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3.6 - Form Perception 2.pdf

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McMaster University
Joe Kim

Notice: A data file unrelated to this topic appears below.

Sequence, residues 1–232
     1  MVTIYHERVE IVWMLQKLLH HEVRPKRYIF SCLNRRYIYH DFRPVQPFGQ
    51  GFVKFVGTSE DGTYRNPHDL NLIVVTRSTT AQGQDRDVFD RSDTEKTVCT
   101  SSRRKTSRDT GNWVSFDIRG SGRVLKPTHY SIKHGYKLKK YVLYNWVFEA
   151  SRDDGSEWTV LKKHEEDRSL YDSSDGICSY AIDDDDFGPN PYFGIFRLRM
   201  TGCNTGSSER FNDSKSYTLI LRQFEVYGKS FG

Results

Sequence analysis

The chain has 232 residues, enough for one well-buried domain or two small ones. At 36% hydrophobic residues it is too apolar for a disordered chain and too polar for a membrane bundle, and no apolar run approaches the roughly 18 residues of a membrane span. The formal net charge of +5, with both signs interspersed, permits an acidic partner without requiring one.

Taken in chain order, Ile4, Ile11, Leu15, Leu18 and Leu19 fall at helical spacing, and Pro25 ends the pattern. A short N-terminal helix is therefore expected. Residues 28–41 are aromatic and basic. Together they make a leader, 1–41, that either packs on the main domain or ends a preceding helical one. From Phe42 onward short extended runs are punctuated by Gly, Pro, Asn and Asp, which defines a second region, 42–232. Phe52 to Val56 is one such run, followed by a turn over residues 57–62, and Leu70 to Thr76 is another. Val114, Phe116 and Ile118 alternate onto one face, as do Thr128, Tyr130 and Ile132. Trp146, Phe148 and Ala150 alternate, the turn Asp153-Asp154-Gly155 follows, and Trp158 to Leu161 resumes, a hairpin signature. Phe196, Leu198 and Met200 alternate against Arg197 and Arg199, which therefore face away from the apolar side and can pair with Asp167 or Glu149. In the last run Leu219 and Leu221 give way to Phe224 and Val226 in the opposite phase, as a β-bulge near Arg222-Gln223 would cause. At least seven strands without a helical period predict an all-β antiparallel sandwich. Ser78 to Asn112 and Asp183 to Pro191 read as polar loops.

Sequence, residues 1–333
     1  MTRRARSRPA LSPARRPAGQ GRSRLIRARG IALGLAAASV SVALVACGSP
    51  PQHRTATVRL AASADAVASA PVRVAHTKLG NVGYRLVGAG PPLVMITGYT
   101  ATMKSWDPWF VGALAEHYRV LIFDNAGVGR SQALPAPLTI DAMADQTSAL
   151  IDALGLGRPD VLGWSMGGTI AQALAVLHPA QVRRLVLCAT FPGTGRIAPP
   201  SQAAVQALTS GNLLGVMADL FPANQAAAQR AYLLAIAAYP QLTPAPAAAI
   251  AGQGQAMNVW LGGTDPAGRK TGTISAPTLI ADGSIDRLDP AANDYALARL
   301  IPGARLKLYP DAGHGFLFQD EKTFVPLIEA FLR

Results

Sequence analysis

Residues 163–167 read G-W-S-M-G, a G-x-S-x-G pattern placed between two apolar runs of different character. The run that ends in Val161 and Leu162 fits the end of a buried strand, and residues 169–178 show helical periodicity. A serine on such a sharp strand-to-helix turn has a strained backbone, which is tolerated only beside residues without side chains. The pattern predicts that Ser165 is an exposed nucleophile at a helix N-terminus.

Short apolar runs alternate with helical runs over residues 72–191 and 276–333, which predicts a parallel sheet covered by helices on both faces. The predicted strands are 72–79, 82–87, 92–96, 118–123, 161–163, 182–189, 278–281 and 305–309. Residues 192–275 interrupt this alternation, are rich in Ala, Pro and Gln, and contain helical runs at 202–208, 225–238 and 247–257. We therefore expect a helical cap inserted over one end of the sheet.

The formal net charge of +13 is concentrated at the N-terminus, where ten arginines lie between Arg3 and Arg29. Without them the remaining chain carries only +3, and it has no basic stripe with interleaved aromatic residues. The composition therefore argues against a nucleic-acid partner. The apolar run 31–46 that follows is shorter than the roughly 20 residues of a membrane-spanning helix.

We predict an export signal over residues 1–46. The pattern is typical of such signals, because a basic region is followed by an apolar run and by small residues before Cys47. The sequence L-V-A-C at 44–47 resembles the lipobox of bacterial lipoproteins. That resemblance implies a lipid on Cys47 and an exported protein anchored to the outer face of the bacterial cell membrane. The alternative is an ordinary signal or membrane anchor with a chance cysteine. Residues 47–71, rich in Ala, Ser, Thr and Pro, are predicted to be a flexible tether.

Arnav Agarwal 2011 Form Perception 2 Module 1: Feature Detectors Introduction to Feature Detectors - Brain uses a division of labor, with each region along visual pathway processing relatively specific info, then passing it on; form recognition follows similar pattern Magno and Parvo Cells [ganglion cells] - They transduce the light stimulus into a neural impulse - Magno: o found mainly in periphery of retina o used mainly for brightness change detection, motion, depth - Parvo: o found throughout retina o used mainly for color, pattern, form detection - These ganglion cells have small receptive fields - Axons of ganglion cells: retina -> optic nerve -> LGN -> primary visual cortex (occipital lobe) - Cells in the primary visual cortex are very particular about what makes them fire; these cells are called “feature detectors” Arnav Agarwal 2011 Hodgkin and Huxley - 1952: Hodgkin and Huxley recorded electrical activity in an individual squid neuron - Technique used from then to see how individual neurons respond to specific stimuli Arnav Agarwal 2011 Lettvin et al - 1959: discovered neuron in optic nerve of frog that responded only to moving black dots -> “bug receptors” Hubel and Wiesel - Extended their work in their studies of cells in the visual cortex of cats and monkeys - 1981: won Nobel Prize Arnav Agarwal 2011 - 1962: Hubel and Wiesel began their exploration of the visual cortex o Tried to learn what type of stimuli individual cortical cells responded to - Used microelectrodes on cat’s cortex to record electrical activity of individual neurons while presenting different visual stimuli types (eg: flashes of light) o No response received for majority of visual stimuli - Presented cat with a slide that had a crack -> light projected from crack moved across cat’s visual field -> neuron started to fire - Conclusion: neurons respond to stimuli more complex than diffuse flashes of light - Lines of different orientations and thickness that moved in different directions presented o Finding: each neuron is very specific about what will make it fire the most o Cells fire maximally to stimuli of a certain shape, size, position and movement; this defines the receptive field for that cell Simple Cells - Responds maximally to a bar of a certain wavelength and orientation in a particular region of the retina - eg: simple cell below responds most to horizontal bar, but if same bar is moved outside region or changes orientation, cell will be inhibited -> will fire less than baseline Arnav Agarwal 2011 - Conclusion: receptive field is organized in an opponent fashion, making it sensitive to the location of the bar in the sensitive field Complex Cell - Similar to simple cell that it cares about length and orientation of bar - Responds maximally to a bar of a certain length and orientation, regardless of where the bar is located within the receptive field - Difference: does not care about where in its receptive field the bar is located; it will even continue to fire if the bar is moving within the receptive field - Some complex cells do care about direction of movement (eg: cell in figure below fires most when stimulus oriented at a certain angle and moving in particular direction) Arnav Agarwal 2011 Hypercomplex Cells - Respond maximally to bars of a particular orientation that end at specific points within the receptive field - eg: (below) fires most to a horizontal bar of light that appears anywhere in the “on” region of the receptive field; gives only a weak response if bar touches “off” region o therefore, these cells have an inhibitory region at the end of the bar, making them sensitive to length of the bar Arnav Agarwal 2011 Topographic Organization - Layout of visual scene is preserved in visual cortex; neighboring objects in field processed by neighboring brain areas - Mapping from visual field to brain is not exact: large amount of cortex is devoted to processing info from the central part of the visual field, which projects onto the fovea - Each region of the cortex receives some input from small piece of visual field; there are cells within each region that analyze specific features of the scene - For a particular part of visual field, there are neurons that fire maximally if there is something in the scene that has a line of certain orientation, length and movement - Other neurons respond maximally if there is something in that tiny portion of the visual scene that is a specific color - Other neurons respond most when there is a line that moves ina certain direction - Cluster of cells in the region of the cortex right beside this region are doing the same analysis for the neighboring part of the visual scene. - Important benefit of parallel processing strategy: speed Concept Check: Arnav Agarwal 2011 1) Which of the following are true regarding the magno cells? a. They are found throughout the retina b. They are found mainly in the periphery of the retina c. They detect changes in brightness, motion and depth d. They detect color, patter and form. 2) Please match the following terms and definitions: a. Responds maximally to a bar of a certain length and orientation i. Simple cell b. Responds maximally to a bar of a certain length and orientation, regardless of location i. Complex cell c. Responds maximally to a bar of a particular orientation that ends at specific points i. Hypercomplex cell Module 2: Ventral Stream Combining Information in the Extrastriate Cortex - specific cells in the primary visual cortex respond to relatively specific features from a small portion of the visual field - information is combined to form a meaningful whole Arnav Agarwal 2011 Subregions in Extrastriate Cortex - Combination begins in extrastriate cortex (ie: visual association cortex), which surrounds primary visual cortex - Has multiple subregions that each receive a different type of info from the primary visual cortex about the visual scene o eg: one deals with scene colors, one with movement in the scene, another with line orientations - Info gets segregated into two streams according to type of info being processed (in the extrastriate): o Dorsal (“where”) -> processes where objects are located, how they are moving  Info: primary visual cortex -> parietal lobe (spatial info processing) o Ventral (“what”) -> processes what the object is (form, color, etc.)  Info: primary visual cortex -> temporal lobe (pieces of feature information come together) Columns in the Temporal Cortex - Arranged in vertical columns oriented perpendicularly to the cortex surface o Each column has five layers of neurons -> each layer responds to complex stimuli coming from same category  Each layer responds to slightly different features within the category (eg: column response: to apples; layer 1: red apples; layer 2: maximal firing to green apples; layer 3: to big apples; etc.) Arnav Agarwal 2011 - Here, neurons respond to very specific stimuli -> much more complex than stimuli primary visual cortex responds to o eg: images like hands, faces, apples, chairs - Note: objects aren’t coded by a specific neuron o They are represented across many cells in several different brain areas o The individual cells described are just one component of the overall representation o Even individual cells respond to a range of stimuli Concept Check: 1) What is the collective name for the visual areas outside of V1? a. extrastriate 2) To what do the columns in temporal cortex preferentially respond? a. Categories of objects b. Specific objects c. Objects of the same shape d. Objects of the same color Module 3: Development of Pattern/Object/Face Recognition Infant Pattern Recognition Arnav Agarwal 2011 - Perception is not just being able to sense incoming stimuli; infants might have the “equipment” to see an object, but may not be able to perceive patterns, objects and faces like we do - eg: does a 9-month-old recognize shadows and forms as a mother’s face? is she even able to distinguish it from the background? -> is the ability to detect patterns/objects innate or learned? Preferential Looking Method - Determines what kinds of patterns infants can perceive by measuring which of two patterns the infant looks at most - Results: o infants prefer looking at patterns over plain stimuli o infants prefer patterns that have high contrast with sharp boundaries between light/dark regions o infants prefer looking at the most complex stimuli they are able to perceive Arnav Agarwal 2011 - eg: checkerboard o newborn prefers looking at bigger squares in checkerboard than smaller; poor visual acuity makes small square appear uniform grey (not interesting to see) o 2 months of age: improved acuity; preference to smaller-squared one (more complex) - poor visual acuity in infants: influences object perception as well - infants under 2 months: poor acuity -> may not be able to perceive whole forms at all Young Infants May Not Perceive Whole Objects - newborns: tend to stare at one corner of an object o attracted to certain features (eg: angles, edges) of stimulus, but not object as a whole - 2 months of age: begin to focus on entire object Arnav Agarwal 2011 - 3 months of age: can perceive whole form when given only parts of the form o eg: seeing square in the middle of four circles (below)  habituate them to a real square, then show four-circle square; they will stare less at the four-circle square than at a different four-circle shape The Trouble With Overlapping Objects - Hard to distinguish two touching/overlapping -> requires use of cues like pattern and colors to identify which components are the object, what belongs together, what is separate Arnav Agarwal 2011 - Infants cannot use cues like color or texture to tell two objects apart until almost 5 months, especially if objects are still or moving together objects - Independent movement of the objects is a much better way for young infants (ev